Sankei & Asahi: Both Newspapers Move On To Survive

Last week we got a couple of remarkable news about what happened to the industry that usually bring us news stories about the world on the move.

The Sankei Shimbun[J], Japan’s 7th largest newspaper in the number of its circulation, set up a new page specifically focusing on Internet services and web industry trends as the first case of Japanese major newspapers.   The page is inserted on every Thursday’s morning edition and is expected to be accompanied with several ads by web2.0 companies.
In commemoration of the new page launch on the paper’s July 30th issue, Japanese popular video sharing site Nico Nico Douga’s live channel[J] program guide was placed in the middle of terrestrial TV timetables.
Sankei's TV Program Timetable Page
Sankei's Webpage
The edition features an Internet slang “Tsuda-ru” (refer to this), blogs under the Enjoh and officially permitted reproduction case of Cyborg 009 drawings uploaded on illustration SNS Pixiv[J] (read stories associated with Pixiv).

Meanwhile, the Asahi Shimbun, Japan’s 2nd largest newspaper in the number of its circulation, launched a mobile SNS called “Sanko People[J]“, and  it was publicized to the first 1,000 beta users.   Asahi developed the service in association with open source SNS program developer Tejima-ya[J] and Tokyo-based web entertainment service developer Geisha Tokyo Entertainent (GTE)[J] (See these stories for more about GTE).    The users are allowed to interact with GTE’s chatterbot on the service.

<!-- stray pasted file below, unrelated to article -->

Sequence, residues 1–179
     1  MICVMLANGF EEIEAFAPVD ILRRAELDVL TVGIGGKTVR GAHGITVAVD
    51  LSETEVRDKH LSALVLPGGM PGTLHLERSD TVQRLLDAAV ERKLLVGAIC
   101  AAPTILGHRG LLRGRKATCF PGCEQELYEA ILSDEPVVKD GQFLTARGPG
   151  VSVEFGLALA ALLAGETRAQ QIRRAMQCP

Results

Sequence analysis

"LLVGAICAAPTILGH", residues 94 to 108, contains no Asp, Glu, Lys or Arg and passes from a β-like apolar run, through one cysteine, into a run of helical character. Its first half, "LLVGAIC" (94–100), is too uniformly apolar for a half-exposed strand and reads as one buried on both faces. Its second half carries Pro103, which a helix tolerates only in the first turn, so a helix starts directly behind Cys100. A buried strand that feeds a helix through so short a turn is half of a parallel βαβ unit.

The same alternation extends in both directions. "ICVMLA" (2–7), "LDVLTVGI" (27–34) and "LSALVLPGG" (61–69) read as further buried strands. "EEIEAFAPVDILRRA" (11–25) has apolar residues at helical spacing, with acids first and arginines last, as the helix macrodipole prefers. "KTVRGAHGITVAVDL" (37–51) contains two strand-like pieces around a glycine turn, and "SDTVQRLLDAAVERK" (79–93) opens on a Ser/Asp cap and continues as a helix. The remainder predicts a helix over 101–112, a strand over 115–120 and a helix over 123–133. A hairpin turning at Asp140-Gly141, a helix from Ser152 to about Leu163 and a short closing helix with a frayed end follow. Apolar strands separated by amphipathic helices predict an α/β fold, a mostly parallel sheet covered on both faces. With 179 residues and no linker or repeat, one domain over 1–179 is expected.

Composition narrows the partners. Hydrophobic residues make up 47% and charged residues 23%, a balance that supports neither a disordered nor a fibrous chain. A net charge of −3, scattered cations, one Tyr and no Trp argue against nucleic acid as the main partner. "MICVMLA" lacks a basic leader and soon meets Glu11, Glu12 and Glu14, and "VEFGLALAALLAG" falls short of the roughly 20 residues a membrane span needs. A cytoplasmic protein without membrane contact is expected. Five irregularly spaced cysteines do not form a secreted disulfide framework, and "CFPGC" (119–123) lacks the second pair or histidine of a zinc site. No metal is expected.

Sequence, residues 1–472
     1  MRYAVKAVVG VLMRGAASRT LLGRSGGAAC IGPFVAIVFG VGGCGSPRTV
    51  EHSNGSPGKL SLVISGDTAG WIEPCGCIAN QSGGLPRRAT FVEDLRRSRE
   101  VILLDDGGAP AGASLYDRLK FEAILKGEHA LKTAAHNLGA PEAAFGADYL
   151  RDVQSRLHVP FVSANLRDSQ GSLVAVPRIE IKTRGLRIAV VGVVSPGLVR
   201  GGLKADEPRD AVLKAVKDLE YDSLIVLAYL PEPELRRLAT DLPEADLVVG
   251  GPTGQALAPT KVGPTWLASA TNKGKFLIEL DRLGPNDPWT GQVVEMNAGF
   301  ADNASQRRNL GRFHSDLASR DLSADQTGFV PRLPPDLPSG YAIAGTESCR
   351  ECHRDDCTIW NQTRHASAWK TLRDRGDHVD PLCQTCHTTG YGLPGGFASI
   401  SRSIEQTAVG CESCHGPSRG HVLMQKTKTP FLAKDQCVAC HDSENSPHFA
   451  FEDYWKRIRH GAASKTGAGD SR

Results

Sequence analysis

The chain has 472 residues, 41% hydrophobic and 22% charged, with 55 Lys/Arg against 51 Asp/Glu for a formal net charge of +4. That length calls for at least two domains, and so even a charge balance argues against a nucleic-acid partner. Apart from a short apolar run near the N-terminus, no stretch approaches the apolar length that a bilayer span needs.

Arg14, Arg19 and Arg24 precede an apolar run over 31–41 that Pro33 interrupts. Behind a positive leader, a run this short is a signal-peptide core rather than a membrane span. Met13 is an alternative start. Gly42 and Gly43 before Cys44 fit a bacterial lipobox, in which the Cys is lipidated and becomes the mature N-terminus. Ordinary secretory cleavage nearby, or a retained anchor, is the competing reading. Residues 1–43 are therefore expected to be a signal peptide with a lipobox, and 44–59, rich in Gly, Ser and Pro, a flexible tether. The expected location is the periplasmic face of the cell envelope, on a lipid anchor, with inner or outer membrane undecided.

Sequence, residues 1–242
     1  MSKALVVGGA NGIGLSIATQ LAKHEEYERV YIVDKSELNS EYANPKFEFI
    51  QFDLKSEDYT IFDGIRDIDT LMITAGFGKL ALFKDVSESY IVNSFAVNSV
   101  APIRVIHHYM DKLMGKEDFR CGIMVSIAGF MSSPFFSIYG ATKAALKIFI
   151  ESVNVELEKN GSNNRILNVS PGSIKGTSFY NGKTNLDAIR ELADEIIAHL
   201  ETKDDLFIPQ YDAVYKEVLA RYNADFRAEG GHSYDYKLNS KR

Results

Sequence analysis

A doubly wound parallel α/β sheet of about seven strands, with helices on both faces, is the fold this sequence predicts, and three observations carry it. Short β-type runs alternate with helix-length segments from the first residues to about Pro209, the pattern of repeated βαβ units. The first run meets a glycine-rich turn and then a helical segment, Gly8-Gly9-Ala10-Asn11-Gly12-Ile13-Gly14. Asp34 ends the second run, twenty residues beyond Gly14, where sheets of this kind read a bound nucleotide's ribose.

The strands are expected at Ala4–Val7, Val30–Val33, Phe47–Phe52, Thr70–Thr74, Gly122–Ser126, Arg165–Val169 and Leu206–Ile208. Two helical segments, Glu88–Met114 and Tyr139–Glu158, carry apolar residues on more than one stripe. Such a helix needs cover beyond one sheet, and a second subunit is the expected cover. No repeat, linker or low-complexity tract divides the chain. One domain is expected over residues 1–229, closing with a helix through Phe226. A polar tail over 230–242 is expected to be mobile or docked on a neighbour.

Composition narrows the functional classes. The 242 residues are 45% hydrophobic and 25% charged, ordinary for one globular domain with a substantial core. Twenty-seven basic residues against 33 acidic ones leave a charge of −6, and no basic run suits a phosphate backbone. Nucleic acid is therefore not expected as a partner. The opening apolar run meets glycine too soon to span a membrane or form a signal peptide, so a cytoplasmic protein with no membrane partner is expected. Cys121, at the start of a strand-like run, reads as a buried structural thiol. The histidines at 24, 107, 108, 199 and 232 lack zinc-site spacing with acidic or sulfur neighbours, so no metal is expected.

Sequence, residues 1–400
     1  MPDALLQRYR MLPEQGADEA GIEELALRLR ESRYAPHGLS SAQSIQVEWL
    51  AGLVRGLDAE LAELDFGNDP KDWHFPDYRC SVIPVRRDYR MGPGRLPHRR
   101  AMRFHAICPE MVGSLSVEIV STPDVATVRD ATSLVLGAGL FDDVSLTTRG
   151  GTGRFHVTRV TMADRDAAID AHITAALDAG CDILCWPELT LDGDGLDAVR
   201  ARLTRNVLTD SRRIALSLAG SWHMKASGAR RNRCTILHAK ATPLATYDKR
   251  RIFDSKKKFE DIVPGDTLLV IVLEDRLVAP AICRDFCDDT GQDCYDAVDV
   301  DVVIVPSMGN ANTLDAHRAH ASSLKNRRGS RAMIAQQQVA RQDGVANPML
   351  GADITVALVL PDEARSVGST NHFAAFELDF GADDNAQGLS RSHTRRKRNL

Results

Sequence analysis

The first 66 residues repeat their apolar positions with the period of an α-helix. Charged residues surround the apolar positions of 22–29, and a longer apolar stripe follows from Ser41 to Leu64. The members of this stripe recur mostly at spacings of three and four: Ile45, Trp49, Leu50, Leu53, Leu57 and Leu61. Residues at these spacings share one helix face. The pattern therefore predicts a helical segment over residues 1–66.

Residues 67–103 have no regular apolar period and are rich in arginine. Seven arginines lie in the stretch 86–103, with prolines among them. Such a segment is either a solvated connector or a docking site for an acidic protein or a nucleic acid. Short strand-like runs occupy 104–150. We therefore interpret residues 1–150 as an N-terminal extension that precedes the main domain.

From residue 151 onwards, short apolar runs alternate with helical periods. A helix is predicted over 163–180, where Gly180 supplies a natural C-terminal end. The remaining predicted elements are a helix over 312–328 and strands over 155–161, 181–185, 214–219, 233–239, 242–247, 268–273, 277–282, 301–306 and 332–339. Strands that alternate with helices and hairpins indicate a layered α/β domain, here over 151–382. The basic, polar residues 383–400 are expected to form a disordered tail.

Sanko People's Screenshot
The service targets young people subscribing to no newspaper, and provides them with knowledge sharing opportunities by enabling comment postings and social bookmarking on developing news stories.   Asahi runs the service on ad-revenue basis and expects to engage 1 million users and to mark annual sales of USD 2.2 million in three years.
Both of the services introduced above are not a direct approach to gaining the numbers of subscribers and revenue for news paper industry.   They’re writhing themselves to find ways to survive, and forced to do further more from now on.
Via IT Media News[J] and Mycomi Journal[J]

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